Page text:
Spirited, wry reflections on aging, literature, and America’s moral life.
Inspired by blogs that José Saramago wrote when he was in his 80s, the prolific, multiple award-winning Le Guin (Words Are My Matter: Writing About Life and Books, 2000-2015, with a Journal of a Writer’s Week, 2016, etc.) became a blogger herself. In an entertaining collection of more than 40 posts written from 2010 to 2015, she offers opinions on a wide range of topics: politics, age and youth, confounding questions from readers, creativity, public and private expressions of anger, a splendid opera by Philip Glass, the serene ritual of breakfast in Vienna, and, most charmingly, her cat. The collection begins with the author’s mystification over a questionnaire from Harvard, on the occasion of the 60th reunion of the graduating class of 1951. One question “really got me down,” she confesses: “In your spare time, what do you do?” There followed a list of 27 occupations, beginning with “Golf.” If spare time is the opposite of occupied time, Le Guin maintains that all of her time is “occupied by living.” And at the age of 81, when the piece was posted, she observed, “I have no time to spare.” She is at her most acerbic when writing about politics: in 2012 she learned that in 1947, President Truman asked the nation to give up meat on Tuesdays and poultry on Thursdays so that grain could be sent to starving Europeans. Such a request would be laughable today, she reflects sadly: “When did it become impossible for our government to ask its citizens to refrain from short-term gratification in order to serve a greater good?” Even in 2012 she felt in exile: “I used to live in a country that had a future.” Le Guin is at her most tender in posts about her cat, “a vivid little creature…utterly sweet and utterly nutty.”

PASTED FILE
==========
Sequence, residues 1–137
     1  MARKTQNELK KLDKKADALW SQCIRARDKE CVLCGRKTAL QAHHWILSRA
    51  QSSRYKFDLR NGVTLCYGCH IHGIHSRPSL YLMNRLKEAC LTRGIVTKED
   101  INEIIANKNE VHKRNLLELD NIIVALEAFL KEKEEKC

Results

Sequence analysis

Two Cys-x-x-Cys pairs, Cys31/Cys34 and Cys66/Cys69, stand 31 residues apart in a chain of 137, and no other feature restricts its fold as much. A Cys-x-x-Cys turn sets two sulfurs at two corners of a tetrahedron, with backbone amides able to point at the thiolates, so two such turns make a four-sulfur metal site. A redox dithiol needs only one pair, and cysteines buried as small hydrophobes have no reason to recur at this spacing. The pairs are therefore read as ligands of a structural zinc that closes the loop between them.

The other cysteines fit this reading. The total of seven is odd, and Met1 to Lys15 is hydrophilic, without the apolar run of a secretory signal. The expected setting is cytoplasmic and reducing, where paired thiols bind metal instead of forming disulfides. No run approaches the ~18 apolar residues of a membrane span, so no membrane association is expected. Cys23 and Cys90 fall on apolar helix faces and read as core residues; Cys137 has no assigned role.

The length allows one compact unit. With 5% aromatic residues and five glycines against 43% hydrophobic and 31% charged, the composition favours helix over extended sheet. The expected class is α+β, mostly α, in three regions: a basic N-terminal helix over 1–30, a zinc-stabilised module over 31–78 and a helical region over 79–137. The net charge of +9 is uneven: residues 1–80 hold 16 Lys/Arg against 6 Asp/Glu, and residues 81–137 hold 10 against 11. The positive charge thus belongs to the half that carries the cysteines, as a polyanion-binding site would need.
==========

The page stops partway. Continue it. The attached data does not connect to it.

Thoughtful musings from a deft and sharply insightful writer.